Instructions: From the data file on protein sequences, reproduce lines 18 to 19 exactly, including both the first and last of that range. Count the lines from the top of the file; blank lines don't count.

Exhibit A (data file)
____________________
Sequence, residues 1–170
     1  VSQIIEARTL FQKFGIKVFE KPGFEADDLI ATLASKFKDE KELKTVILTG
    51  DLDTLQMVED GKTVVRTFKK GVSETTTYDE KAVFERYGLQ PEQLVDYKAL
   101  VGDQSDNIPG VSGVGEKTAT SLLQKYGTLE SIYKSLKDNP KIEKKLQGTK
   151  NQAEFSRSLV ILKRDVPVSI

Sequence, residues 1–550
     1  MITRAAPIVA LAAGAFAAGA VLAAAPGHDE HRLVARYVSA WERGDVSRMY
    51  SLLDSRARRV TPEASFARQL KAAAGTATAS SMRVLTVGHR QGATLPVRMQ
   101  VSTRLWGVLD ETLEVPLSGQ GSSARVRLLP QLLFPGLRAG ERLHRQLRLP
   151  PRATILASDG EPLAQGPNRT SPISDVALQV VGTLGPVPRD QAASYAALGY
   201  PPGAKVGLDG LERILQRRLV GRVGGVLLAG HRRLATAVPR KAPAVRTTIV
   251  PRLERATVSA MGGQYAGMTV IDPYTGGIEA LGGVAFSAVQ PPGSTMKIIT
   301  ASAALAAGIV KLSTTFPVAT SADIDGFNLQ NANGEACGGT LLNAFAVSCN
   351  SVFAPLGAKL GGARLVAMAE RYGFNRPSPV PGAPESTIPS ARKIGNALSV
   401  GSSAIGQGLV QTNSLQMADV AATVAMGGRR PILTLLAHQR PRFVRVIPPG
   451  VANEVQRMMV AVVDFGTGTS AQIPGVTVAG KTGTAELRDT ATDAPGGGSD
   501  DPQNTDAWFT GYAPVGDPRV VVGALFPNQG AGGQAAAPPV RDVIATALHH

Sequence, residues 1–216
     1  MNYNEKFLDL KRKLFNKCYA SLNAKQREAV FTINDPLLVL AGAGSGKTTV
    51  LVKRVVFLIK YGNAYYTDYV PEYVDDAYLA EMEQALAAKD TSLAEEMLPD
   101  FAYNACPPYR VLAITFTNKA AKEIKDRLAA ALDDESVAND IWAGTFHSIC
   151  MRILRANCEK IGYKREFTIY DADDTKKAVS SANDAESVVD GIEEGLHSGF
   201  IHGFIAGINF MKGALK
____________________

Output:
Sequence, residues 1–216
     1  MNYNEKFLDL KRKLFNKCYA SLNAKQREAV FTINDPLLVL AGAGSGKTTV